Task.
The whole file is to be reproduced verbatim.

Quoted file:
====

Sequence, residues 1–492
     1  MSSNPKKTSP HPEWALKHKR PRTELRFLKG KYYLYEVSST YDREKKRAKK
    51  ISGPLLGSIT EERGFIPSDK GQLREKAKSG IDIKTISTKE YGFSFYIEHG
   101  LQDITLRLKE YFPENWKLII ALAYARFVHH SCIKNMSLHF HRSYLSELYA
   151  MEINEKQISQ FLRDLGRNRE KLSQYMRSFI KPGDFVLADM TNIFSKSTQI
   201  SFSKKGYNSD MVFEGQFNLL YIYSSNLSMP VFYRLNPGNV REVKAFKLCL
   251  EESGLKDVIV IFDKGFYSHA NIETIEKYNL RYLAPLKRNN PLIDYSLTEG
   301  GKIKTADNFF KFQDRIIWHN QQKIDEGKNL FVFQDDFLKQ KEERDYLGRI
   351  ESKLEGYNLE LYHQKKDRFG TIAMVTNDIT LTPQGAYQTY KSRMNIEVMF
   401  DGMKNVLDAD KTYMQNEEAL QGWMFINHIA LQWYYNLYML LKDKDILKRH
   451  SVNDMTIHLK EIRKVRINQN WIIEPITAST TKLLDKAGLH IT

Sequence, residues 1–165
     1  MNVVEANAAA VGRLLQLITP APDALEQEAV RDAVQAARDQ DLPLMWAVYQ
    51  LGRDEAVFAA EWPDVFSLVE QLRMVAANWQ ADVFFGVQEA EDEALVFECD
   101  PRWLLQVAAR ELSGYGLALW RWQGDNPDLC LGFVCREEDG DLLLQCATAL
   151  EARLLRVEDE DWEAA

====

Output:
Sequence, residues 1–492
     1  MSSNPKKTSP HPEWALKHKR PRTELRFLKG KYYLYEVSST YDREKKRAKK
    51  ISGPLLGSIT EERGFIPSDK GQLREKAKSG IDIKTISTKE YGFSFYIEHG
   101  LQDITLRLKE YFPENWKLII ALAYARFVHH SCIKNMSLHF HRSYLSELYA
   151  MEINEKQISQ FLRDLGRNRE KLSQYMRSFI KPGDFVLADM TNIFSKSTQI
   201  SFSKKGYNSD MVFEGQFNLL YIYSSNLSMP VFYRLNPGNV REVKAFKLCL
   251  EESGLKDVIV IFDKGFYSHA NIETIEKYNL RYLAPLKRNN PLIDYSLTEG
   301  GKIKTADNFF KFQDRIIWHN QQKIDEGKNL FVFQDDFLKQ KEERDYLGRI
   351  ESKLEGYNLE LYHQKKDRFG TIAMVTNDIT LTPQGAYQTY KSRMNIEVMF
   401  DGMKNVLDAD KTYMQNEEAL QGWMFINHIA LQWYYNLYML LKDKDILKRH
   451  SVNDMTIHLK EIRKVRINQN WIIEPITAST TKLLDKAGLH IT

Sequence, residues 1–165
     1  MNVVEANAAA VGRLLQLITP APDALEQEAV RDAVQAARDQ DLPLMWAVYQ
    51  LGRDEAVFAA EWPDVFSLVE QLRMVAANWQ ADVFFGVQEA EDEALVFECD
   101  PRWLLQVAAR ELSGYGLALW RWQGDNPDLC LGFVCREEDG DLLLQCATAL
   151  EARLLRVEDE DWEAA